- Paperback: 272 pages
- Publisher: Zed Books (December 15, 1998)
- Language: English
- ISBN-10: 1856495647
- ISBN-13: 978-1856495646
- Product Dimensions: 5.3 x 0.8 x 8.6 inches
- Shipping Weight: 10.6 ounces (View shipping rates and policies)
- Average Customer Review: 3 customer reviews
- Amazon Best Sellers Rank: #2,743,627 in Books (See Top 100 in Books)
Enter your mobile number or email address below and we'll send you a link to download the free Kindle App. Then you can start reading Kindle books on your smartphone, tablet, or computer - no Kindle device required.
To get the free app, enter your mobile phone number.
Other Sellers on Amazon
The Malthus Factor: Poverty, Politics and Population in Capitalist Development Paperback – December 15, 1998
"Embraced by liberals and conservatives alike, no other contemporary ideology has proved as resilient as Mathusianism in obscuring the real roots of poverty, inequality and environmental degradation. Eric Ross's powerful critique sets the record straight. It comes not a moment too soon as a Malthusian resurgence threatens the rights of immigrants and women of color, and provides a window through which right-wing forces are penetrating Northern environmental movements" - Betsy Hartmann, Director of the Population and Development Program, Hampshire College and author of Reproductive Rights and Wrongs: The Global Politics of Population Control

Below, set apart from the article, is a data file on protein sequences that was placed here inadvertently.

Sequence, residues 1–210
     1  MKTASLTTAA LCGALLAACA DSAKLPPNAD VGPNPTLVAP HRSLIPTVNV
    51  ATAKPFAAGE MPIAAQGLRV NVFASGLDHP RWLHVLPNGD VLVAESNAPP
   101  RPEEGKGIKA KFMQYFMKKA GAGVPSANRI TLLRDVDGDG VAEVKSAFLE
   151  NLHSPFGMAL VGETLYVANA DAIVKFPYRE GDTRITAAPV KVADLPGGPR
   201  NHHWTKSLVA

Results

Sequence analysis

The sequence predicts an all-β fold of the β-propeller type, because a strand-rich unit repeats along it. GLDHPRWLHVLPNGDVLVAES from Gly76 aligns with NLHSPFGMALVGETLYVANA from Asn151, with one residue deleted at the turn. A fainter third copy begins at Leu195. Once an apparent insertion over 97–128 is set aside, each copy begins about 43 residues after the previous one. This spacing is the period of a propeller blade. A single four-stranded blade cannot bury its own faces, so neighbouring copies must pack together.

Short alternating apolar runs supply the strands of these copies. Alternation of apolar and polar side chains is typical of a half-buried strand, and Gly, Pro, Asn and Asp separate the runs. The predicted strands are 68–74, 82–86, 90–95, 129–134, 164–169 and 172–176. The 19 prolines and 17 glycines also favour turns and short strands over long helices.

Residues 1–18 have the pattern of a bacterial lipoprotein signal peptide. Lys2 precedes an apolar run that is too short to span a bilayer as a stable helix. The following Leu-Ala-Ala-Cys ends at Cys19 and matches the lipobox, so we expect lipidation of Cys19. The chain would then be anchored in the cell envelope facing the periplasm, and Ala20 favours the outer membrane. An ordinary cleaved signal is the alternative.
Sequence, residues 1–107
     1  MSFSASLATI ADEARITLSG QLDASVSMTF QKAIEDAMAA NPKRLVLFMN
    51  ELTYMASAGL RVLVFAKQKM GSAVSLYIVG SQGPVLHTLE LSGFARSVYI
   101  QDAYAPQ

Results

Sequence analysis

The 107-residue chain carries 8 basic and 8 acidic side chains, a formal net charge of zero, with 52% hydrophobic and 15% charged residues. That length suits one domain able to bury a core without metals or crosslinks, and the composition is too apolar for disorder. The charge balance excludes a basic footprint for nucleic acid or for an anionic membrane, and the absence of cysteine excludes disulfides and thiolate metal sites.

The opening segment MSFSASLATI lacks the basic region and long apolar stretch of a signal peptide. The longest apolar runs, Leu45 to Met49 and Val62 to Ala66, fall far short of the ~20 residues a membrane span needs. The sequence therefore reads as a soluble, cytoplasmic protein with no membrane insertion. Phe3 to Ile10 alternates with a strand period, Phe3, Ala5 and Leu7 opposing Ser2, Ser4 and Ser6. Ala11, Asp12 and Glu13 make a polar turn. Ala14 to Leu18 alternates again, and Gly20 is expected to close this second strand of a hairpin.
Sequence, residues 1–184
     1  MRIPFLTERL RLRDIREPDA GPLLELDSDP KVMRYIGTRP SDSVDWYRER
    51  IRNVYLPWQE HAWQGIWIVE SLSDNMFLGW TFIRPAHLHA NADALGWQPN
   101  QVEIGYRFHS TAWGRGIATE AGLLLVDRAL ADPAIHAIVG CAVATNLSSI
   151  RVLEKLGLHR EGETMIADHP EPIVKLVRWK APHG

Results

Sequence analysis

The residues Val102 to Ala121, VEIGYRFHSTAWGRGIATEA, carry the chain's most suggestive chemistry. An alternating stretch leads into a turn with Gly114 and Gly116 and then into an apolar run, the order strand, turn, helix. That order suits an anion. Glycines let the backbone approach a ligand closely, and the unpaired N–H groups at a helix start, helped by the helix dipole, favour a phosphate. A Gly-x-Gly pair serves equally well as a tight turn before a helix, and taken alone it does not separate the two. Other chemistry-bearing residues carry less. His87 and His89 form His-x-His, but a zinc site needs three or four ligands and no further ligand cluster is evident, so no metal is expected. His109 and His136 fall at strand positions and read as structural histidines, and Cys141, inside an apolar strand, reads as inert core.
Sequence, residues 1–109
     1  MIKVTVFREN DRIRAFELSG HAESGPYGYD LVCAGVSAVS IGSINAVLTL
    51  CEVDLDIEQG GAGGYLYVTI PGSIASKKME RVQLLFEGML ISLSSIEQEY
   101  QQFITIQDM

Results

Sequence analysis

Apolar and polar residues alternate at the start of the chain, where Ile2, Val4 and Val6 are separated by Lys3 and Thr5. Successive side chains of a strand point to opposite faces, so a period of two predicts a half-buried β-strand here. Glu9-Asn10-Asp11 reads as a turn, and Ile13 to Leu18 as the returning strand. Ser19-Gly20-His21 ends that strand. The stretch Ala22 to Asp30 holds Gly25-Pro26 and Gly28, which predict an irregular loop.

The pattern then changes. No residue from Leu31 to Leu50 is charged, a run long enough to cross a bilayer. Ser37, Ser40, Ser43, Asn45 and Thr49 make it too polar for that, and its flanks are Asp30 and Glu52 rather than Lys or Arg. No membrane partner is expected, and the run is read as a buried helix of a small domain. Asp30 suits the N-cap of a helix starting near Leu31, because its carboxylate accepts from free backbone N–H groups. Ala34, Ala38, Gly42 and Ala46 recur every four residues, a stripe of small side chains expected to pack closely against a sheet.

About the Author
Showing 1-3 of 3 reviews
There was a problem filtering reviews right now. Please try again later.
The Malthus Factor is packed with detailed examples of how wide-ranging Malthus' impact on society has been, from discussions of the connections between the Green Revolution's fertilizer requirements and linkages between munitions industries and fertilizer industries, to links between the rise of the American Eugenics movement and the historical demise of American midwifery, to the roles of the Rockefeller and Ford Foundations in funding the Eugenics movement. Even readers who disagrees with Ross' theoretical approach to Malthus will learn something of value from his analysis. I expect that this book will soon become required reading for any graduate student studying for exams covering both demographic theory and political economy.